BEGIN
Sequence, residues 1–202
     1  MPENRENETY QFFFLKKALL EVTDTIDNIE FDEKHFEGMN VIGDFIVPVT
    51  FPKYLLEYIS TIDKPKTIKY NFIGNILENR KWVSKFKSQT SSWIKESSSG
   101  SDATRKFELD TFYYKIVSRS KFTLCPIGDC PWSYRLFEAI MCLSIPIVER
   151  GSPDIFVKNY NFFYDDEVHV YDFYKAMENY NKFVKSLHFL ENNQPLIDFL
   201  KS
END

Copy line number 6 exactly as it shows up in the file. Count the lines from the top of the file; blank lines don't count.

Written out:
   201  KS